Building upon the love dogs have for skipping a step, if you're lucky, when you grab treats and walk over to the mark, you may have noticed that your dog goes directly to the mark and downs without you saying a word. Reward that. But start adding a command to it. Walk over to their mark, say "Place," if they lay down instinctively, reward. If you have to tell them to lie down, that's fine, reward when they lie down. After a few repetitions of this, they'll learn that place means to go to their mark and lay down. You've successfully trained the place command using nothing but positive reinforcement and only ever using 2 commands (down and place).
There's one problem though if you're using this command when your dog is excited. Just because a dog knows a command, doesn't mean the dog will obey the command when exposed to a high level of distraction or stimuli. So how do we insure the dog always obeys the command? It depends. Do you have all the time in the world, or is this training done in response to reasonably dangerous behavior?
If you have all of the time in the world, simply have friends come over, and if the dog breaks the command, you reprimand him, tell him to go back to his place, and reward him for listening. Depending on the dog, its drive, your bond, and how eager the dog is to work with you, this method can take anywhere from a few days of practice to get down, to practically never being 100%. The second option involves corrections, so I would much rather at least try the first option. But if that fails, or the dog's behavior is reasonably dangerous, you may need to move to corrections to teach the dog that you're not asking, you're giving a command that will be obeyed.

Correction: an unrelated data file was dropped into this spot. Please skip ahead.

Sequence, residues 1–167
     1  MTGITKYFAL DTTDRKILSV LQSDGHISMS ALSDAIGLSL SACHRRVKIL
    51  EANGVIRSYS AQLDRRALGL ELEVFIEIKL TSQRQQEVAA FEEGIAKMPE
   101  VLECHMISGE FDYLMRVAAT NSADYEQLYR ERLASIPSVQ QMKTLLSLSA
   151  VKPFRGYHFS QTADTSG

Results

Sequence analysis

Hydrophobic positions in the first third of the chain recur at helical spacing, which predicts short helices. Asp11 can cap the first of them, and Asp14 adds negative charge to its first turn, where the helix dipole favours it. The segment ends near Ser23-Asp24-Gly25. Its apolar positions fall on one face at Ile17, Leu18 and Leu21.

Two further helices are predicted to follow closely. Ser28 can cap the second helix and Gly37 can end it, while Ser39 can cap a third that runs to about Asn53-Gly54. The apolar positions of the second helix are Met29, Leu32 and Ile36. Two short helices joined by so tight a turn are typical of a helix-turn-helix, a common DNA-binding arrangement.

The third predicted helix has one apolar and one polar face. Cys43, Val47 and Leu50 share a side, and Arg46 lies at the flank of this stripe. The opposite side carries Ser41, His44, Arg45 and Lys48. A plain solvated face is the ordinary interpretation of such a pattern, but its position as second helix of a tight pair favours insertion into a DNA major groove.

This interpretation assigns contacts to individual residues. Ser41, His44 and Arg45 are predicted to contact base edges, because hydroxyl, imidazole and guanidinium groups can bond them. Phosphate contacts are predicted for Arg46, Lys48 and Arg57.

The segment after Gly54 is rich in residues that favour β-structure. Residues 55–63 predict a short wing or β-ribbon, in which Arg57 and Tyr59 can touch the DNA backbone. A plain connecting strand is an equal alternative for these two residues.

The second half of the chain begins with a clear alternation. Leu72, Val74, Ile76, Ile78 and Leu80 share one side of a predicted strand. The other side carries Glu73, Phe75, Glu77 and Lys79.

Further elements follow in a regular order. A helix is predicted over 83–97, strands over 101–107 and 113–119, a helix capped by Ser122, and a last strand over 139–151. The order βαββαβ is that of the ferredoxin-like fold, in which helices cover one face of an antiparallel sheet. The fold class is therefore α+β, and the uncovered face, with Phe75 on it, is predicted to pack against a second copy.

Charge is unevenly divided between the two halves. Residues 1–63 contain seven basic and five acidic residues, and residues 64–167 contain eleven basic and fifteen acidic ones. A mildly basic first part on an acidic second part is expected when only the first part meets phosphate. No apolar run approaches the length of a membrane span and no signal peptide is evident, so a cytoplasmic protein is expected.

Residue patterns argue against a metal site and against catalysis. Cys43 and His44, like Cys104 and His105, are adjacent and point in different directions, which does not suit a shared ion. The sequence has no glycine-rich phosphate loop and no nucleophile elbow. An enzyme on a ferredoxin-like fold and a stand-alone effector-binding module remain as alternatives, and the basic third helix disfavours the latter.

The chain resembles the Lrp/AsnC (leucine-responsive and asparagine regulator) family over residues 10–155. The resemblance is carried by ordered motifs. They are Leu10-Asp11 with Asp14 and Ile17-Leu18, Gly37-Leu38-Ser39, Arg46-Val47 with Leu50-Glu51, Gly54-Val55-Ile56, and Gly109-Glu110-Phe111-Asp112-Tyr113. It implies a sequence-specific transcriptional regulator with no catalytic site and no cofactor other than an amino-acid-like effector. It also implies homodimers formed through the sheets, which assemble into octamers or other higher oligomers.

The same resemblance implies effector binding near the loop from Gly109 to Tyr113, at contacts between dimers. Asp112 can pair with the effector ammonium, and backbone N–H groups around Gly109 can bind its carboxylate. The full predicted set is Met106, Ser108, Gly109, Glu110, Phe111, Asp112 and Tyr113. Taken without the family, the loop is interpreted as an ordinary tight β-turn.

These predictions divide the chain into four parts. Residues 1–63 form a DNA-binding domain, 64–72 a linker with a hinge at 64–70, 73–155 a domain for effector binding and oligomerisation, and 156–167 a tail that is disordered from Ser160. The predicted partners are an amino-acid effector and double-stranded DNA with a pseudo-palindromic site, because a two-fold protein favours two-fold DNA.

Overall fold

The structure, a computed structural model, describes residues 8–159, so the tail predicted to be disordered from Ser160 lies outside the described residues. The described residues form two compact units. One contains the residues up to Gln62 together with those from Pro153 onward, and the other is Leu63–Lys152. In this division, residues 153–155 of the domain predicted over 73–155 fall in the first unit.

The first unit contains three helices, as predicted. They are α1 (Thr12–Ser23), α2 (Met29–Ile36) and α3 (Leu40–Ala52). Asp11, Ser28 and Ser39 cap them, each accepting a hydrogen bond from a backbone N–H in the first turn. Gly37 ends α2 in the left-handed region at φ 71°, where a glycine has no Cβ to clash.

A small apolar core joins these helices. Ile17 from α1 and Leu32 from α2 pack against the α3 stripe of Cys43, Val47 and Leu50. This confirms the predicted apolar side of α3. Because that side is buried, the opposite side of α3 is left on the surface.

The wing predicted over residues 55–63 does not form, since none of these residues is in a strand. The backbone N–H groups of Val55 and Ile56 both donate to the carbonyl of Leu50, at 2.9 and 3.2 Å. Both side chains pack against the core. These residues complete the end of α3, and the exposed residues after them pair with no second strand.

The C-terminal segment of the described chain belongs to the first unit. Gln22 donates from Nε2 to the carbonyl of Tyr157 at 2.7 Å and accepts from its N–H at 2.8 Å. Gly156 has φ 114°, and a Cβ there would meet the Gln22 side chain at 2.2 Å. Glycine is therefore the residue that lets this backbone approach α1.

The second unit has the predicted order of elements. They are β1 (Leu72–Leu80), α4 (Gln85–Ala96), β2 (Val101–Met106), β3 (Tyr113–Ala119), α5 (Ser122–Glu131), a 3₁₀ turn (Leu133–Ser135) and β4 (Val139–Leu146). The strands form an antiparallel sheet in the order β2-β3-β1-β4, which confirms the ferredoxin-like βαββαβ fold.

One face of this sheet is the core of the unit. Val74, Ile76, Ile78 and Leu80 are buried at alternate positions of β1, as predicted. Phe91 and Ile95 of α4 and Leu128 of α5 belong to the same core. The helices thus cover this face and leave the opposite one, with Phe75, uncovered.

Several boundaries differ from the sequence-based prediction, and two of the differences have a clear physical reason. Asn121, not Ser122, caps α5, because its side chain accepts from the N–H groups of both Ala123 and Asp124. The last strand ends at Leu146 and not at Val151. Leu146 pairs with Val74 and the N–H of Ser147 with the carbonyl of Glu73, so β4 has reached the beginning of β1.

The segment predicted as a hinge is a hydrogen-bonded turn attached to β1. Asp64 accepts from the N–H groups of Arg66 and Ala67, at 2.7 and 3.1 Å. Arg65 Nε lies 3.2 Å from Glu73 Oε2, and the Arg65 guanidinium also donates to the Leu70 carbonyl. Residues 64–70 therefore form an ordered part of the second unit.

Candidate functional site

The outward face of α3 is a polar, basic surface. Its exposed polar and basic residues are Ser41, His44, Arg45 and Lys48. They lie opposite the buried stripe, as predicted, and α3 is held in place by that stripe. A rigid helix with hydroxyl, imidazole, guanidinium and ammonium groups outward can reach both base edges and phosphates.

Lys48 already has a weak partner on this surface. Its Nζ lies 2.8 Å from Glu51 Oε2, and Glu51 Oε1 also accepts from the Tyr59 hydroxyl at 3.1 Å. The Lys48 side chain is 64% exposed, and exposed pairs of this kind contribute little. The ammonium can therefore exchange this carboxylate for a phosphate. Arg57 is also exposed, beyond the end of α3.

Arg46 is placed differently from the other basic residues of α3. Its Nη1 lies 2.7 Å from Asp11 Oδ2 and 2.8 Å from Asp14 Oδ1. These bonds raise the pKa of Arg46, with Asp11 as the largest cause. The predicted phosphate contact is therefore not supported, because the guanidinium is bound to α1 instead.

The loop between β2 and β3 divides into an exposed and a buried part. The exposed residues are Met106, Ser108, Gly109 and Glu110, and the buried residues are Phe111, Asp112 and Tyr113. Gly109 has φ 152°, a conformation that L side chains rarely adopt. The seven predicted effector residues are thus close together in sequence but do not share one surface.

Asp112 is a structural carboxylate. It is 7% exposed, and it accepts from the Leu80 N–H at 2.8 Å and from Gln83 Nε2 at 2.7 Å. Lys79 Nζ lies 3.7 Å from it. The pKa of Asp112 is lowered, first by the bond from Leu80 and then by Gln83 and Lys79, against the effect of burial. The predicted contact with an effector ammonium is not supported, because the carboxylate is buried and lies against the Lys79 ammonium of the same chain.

What do I mean by "reasonably dangerous behavior"? I'm talking about dogs who rush guests aggressively trying to intimidate them. I mean dogs who jump up on every guest, including elderly parents and friends who may lose their balance and get hurt. I mean dogs who'll fly head first into a kindergarten class worth of 5 year olds like a bowling ball. I mean a dog who will go flying out of the door and not come back when called. These are instances where someone or the dog may get hurt, and in these instances, if corrections are needed, use them.
I gave examples of dogs who like to escape out of the door, or dogs who rush or jump on guests benefiting from place training, but the uses are endless. Tired of your dog following you into the bathroom? Do you not want your dog out of the kitchen when you're cooking for both of your safety because you'd hate to trip over him and burn the both of you? Does your dog run circles around you when you vacuum or mop? There are endless reasons to use a place command, and so many ways it can make your life simpler and safer.
If you liked this article, please leave a like and a share. How many of you use a place command already, and what steps did you take to teach it? Leave a comment.